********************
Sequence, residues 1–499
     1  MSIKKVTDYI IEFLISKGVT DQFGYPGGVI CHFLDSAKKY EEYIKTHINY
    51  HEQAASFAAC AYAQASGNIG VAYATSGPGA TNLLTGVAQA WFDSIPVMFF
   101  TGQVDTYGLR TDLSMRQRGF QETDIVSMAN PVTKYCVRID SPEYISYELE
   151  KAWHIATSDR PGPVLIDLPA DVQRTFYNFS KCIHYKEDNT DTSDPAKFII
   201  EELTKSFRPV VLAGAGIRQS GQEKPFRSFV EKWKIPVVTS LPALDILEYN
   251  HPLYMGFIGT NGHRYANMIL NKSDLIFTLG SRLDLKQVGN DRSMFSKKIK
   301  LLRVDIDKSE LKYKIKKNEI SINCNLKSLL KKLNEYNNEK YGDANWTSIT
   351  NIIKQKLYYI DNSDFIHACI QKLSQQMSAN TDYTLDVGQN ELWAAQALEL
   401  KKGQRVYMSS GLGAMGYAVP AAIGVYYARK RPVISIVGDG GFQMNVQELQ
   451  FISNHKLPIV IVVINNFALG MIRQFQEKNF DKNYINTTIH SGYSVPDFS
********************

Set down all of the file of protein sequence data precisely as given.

Sequence, residues 1–499
     1  MSIKKVTDYI IEFLISKGVT DQFGYPGGVI CHFLDSAKKY EEYIKTHINY
    51  HEQAASFAAC AYAQASGNIG VAYATSGPGA TNLLTGVAQA WFDSIPVMFF
   101  TGQVDTYGLR TDLSMRQRGF QETDIVSMAN PVTKYCVRID SPEYISYELE
   151  KAWHIATSDR PGPVLIDLPA DVQRTFYNFS KCIHYKEDNT DTSDPAKFII
   201  EELTKSFRPV VLAGAGIRQS GQEKPFRSFV EKWKIPVVTS LPALDILEYN
   251  HPLYMGFIGT NGHRYANMIL NKSDLIFTLG SRLDLKQVGN DRSMFSKKIK
   301  LLRVDIDKSE LKYKIKKNEI SINCNLKSLL KKLNEYNNEK YGDANWTSIT
   351  NIIKQKLYYI DNSDFIHACI QKLSQQMSAN TDYTLDVGQN ELWAAQALEL
   401  KKGQRVYMSS GLGAMGYAVP AAIGVYYARK RPVISIVGDG GFQMNVQELQ
   451  FISNHKLPIV IVVINNFALG MIRQFQEKNF DKNYINTTIH SGYSVPDFS